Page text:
PCB Defeat Team Bad and Bella Army – Expected PCB to win. Better than expected match for the divas. I wish Charlotte would’ve wrestled a little more. Once Nikki Bella surpasses AJ Lee for the longest reigning Divas champion, Sasha or Charlotte should be getting the next title winner.

One more grab at munchies and the onion dip has been officially kicked before the end of Summerslam. Well done team!

Kevin Owens defeating Cesaro – Good match. Owens losing the night before at the NXT house show meant a Summerslam win for Owens. This guy is really good! He’s strong and agile for a big guy. Maybe a little polishing up with his character and/or attire but this guy will be around for a long time. Poor Cesaro! I so want him to be a top card level wrestler but he may be stuck in mid-card haziness. Oh well….

Undertaker defeats Brock Lesnar by Submission – I predicted Taker winning to even the score with the tiebreaker at WrestleMania. This was the fourth match where one of the wrestlers bled; very rare these days. It was a weird ending because it makes the Undertaker look weak showing him tap out when the referee didn’t look but on other side of it I guess that keeps the Lesnar beast mystique going. If this is the case then if there’s a third and final match between the two it should be a Hell in a Cell Match. Likely won’t see Undertaker until the Rumble? Lesnar will be heading somewhere.

Great night of wrestling! I thought it was one of the best Summerslams in recent years. Due to the day trip I haven’t watched all of Raw yet but I will have my say in the near future. Heard and saw bits and pieces of it (Dudley Boyz & Sting) but I should be caught up by the end of the week. Thanks for reading!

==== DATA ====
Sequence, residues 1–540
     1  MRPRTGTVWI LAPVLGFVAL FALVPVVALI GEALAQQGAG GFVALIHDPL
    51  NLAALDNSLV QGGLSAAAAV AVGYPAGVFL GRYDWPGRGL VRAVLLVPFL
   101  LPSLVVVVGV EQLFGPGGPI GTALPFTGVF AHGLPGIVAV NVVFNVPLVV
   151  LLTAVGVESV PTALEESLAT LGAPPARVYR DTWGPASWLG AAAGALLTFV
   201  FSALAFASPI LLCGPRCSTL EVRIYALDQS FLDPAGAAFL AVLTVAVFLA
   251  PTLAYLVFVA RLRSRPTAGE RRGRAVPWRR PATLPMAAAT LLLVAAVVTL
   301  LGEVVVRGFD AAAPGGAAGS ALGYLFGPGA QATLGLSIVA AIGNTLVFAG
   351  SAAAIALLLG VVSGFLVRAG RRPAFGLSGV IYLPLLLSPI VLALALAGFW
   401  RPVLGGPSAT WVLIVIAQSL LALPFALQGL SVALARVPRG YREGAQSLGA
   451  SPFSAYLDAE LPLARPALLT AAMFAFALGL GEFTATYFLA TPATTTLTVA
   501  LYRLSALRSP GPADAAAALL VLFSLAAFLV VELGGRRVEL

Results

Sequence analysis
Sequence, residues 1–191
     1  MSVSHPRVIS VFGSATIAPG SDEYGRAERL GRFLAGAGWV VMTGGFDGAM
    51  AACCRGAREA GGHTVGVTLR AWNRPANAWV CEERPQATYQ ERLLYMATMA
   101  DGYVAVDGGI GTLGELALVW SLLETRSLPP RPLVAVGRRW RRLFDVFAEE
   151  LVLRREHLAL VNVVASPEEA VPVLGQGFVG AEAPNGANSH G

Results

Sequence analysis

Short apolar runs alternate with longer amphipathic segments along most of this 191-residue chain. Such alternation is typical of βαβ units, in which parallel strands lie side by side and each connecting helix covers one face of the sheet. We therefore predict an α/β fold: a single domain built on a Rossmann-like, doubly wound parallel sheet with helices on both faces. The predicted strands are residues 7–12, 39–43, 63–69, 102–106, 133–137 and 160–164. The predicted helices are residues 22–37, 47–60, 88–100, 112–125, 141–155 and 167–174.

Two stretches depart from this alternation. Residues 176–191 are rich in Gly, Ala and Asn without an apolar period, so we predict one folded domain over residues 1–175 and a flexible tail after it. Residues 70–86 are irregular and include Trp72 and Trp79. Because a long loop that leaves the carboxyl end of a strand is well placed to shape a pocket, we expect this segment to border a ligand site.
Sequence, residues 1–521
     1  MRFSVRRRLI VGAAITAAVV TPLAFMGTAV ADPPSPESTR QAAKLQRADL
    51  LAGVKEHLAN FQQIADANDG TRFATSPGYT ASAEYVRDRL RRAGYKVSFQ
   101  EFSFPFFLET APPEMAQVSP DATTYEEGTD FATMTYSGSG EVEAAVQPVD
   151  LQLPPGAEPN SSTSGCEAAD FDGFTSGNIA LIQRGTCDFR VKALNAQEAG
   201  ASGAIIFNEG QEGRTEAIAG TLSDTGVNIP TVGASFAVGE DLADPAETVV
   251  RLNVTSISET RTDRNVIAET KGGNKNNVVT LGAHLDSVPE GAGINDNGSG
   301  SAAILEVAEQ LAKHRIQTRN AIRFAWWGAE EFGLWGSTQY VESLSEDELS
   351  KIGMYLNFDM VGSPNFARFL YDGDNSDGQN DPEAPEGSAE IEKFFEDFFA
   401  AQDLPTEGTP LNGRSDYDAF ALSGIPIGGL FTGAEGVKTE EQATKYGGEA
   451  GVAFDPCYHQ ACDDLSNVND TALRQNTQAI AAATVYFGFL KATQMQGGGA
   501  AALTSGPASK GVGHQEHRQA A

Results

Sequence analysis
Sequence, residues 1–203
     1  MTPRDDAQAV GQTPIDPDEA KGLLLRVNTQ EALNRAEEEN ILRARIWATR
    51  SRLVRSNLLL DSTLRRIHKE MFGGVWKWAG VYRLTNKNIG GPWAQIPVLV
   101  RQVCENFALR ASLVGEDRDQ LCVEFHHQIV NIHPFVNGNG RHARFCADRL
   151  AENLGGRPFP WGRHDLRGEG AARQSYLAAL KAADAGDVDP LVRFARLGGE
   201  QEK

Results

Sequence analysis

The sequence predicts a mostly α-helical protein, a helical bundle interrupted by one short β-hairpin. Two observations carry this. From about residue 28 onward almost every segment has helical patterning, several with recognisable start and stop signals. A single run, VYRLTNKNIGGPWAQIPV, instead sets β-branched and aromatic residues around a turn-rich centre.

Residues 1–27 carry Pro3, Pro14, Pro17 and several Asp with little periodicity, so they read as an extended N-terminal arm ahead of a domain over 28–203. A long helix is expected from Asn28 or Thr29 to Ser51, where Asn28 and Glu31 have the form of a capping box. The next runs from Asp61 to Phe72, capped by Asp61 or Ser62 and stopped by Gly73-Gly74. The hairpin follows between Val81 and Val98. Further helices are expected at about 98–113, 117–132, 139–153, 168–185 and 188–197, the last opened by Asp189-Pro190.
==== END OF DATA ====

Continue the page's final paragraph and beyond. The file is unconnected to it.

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Sting vs. Seth Rollins Is One Weird WWE Main-Event

August 26, 2015 By: Category: Videos, WWE | Pro Wrestling

The WWE Universe will see an unlikely headliner at Night of Champions. Former WCW and TNA champion Sting will challenge Seth Rollins for the WWE world title in one of the strangest bookings this company has seen in years.

It was obviously never the long term plan to take a semi-retired former WCW star and turn him into the next headliner. When Sting signed with the WWE earlier this year the word on the street was that the company didn’t have any solid plans for the former champ. As a matter of a fact, when Sting was booked on WrestleMania, rumor has it that WWE officials felt it could be his last shot. Boy were they wrong.

Fast forward several months later and the WWE is coming off of one of the biggest SummerSlam events in recent memory. Unfortunately for Vince McMahon and the brass, the Undertaker is riding back into the sunset and Brock Lesnar is out of town once again. How do you follow up the hottest August that the company has seen arguably since the Summer of Punk? Well with Sting of course.

As many of you know by now, Sting returned to the WWE on RAW Monday night to kick off an angle with Seth Rollins. Sting was unveiled in place of Rollins’ statue and subsequently cleared the ring of Rollins and held the WWE title. The angle got over big with the Brooklyn audience and it appears all wheels are set in motion for Sting vs. Rollins.

Don’t misunderstand me, I loved the angle. I was as surprised as anyone to see the Stinger. However, the whole thing sounds completely crazy! Here is a guy that a few months ago the company didn’t even know if they’d book in the ring again, was scratched from SummerSlam, and is now brought in to be in the main-event. What the heck is going on around here?